How Apple will draft everyone into the cloud. Or else. — from by E.B. Boyd
Pity the poor programmer whose software doesn’t automatically sync every digital thing you own across all of your devices instantly. Thanks to Apple, if you’re not in the cloud soon, you’re buried.


And so we at Fast Company expect the same to happen with the cloud. Apple has just introduced an attractive system for a whole range of things consumers care about. Sure, cloud solutions previously existed for some of the things Apple introduced Monday–like documents (Google Docs) and music (Amazon). But it is the comprehensiveness and elegance of the iCloud system that will unleash a tipping point.

Soon users will become used to how much easier their lives become with iCloud. All my stuff is everywhere I want it to be, instantly. I download a song from iTunes, and it’s instantly on all my devices. I put down the book I was reading on my iPad at home, get on the subway, open up my iPhone, and presto, the book is not only on my phone, it opens up to the exact place where I stopped reading on the tablet.

Documents, photos, email, contacts, calendars–users will get used to moving fluidly between all of them on different devices

And as soon as consumers become used to things acting this way, they’ll start actually expecting things to act this way. And when that happens, beware any software company that doesn’t deliver the same experience. In the new world Apple will create, to ask a user to manually sync files between different devices will be the equivalent, back in the ’80s, of asking a bunch of home computer users used to interacting with GUI’s, to use command lines instead.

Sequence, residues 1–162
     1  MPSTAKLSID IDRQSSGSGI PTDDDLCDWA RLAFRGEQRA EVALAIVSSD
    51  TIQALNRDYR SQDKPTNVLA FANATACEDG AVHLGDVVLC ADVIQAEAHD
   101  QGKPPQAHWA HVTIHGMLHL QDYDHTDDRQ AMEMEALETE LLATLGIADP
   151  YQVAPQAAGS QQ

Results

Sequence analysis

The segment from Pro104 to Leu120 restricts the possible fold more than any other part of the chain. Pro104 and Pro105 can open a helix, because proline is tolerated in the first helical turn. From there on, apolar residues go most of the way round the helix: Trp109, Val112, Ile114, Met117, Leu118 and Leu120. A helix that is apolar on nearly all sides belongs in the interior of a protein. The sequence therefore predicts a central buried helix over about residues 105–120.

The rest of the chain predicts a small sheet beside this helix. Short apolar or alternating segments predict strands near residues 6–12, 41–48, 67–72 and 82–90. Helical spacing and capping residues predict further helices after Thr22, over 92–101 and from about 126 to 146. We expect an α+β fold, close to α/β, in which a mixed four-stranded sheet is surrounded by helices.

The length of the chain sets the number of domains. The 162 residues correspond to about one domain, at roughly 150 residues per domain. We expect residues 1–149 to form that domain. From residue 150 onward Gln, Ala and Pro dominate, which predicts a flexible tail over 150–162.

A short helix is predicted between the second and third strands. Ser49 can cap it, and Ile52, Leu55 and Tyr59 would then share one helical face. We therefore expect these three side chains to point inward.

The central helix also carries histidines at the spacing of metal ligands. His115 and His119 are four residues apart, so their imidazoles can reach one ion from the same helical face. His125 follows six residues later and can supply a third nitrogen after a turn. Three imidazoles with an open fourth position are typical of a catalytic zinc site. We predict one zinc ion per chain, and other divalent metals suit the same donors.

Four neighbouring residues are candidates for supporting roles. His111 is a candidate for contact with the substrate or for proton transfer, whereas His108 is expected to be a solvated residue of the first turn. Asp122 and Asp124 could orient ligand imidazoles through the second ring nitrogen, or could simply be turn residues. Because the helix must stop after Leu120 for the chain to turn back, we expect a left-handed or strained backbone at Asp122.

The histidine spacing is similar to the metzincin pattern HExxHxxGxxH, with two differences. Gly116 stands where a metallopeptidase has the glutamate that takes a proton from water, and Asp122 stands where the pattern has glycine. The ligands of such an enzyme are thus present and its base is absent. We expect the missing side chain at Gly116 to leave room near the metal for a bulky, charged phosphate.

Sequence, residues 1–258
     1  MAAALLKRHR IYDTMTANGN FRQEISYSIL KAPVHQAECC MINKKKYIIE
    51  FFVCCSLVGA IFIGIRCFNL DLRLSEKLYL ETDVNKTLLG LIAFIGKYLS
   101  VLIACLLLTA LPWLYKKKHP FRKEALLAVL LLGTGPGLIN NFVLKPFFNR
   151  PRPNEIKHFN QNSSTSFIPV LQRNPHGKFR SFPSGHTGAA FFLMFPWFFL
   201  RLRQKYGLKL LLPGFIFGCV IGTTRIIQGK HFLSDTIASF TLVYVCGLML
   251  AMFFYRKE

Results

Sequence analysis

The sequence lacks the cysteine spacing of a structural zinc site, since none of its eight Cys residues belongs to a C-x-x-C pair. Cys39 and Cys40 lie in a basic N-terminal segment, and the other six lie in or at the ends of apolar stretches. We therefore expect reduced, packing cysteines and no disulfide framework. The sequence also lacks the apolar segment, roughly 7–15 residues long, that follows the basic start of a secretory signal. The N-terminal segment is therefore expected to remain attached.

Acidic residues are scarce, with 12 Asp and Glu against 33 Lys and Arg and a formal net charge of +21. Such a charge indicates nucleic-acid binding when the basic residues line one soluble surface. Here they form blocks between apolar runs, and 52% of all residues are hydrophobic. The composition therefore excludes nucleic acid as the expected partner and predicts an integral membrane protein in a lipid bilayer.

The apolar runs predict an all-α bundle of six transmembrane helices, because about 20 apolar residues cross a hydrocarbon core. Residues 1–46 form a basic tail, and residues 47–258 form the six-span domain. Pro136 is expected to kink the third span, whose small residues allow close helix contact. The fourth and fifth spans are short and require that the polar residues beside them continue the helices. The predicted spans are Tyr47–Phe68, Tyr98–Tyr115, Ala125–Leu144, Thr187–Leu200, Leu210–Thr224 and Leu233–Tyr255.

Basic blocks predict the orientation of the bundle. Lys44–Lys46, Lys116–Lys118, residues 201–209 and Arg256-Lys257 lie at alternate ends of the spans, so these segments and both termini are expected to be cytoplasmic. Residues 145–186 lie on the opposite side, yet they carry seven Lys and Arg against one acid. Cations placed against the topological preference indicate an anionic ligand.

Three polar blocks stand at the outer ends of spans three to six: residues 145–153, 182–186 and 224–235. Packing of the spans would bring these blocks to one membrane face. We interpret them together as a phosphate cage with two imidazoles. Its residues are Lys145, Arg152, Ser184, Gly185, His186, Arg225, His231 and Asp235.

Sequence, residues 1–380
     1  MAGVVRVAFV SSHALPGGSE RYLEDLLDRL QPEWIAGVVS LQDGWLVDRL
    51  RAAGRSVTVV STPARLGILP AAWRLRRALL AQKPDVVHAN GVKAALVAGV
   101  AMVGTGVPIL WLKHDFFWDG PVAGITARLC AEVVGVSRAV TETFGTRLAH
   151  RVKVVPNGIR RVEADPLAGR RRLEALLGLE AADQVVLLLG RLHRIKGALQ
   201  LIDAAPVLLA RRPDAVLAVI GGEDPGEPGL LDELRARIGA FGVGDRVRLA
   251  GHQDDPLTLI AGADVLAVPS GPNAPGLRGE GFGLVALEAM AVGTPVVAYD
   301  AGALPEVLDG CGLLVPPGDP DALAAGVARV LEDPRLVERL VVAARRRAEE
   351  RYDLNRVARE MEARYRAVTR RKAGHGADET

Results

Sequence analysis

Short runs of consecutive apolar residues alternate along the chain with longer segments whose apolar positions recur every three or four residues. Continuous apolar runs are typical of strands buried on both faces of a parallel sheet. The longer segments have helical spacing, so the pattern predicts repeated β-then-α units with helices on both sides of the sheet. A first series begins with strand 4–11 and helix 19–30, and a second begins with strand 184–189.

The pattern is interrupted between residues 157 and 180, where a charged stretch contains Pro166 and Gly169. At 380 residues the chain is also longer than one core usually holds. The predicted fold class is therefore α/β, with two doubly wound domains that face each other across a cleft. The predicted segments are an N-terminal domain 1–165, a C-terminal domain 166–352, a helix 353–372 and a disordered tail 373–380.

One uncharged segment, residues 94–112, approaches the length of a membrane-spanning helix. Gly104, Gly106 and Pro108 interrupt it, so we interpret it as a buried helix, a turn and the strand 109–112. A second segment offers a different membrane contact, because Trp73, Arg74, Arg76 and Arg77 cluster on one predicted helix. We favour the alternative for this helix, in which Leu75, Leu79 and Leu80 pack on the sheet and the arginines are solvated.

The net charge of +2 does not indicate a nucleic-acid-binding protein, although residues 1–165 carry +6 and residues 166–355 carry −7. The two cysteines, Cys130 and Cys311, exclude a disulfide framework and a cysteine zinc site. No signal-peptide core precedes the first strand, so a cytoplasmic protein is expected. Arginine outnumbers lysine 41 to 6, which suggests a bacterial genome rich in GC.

eCampus of the Month: Abilene Christian University — from by Dennis Carter
ACU has established itself as a leader in mobile education, particularly with popular Apple products like the iPod and iPad


ACU gives iPhones and iPods to its 4,700 students.


Abilene Christian University (ACU), long a leading advocate for the use of web-ready mobile devices in higher education, is taking its tech savvy to K-12 schools, where students are becoming familiar with the ins and outs of tablets such as the Apple iPad.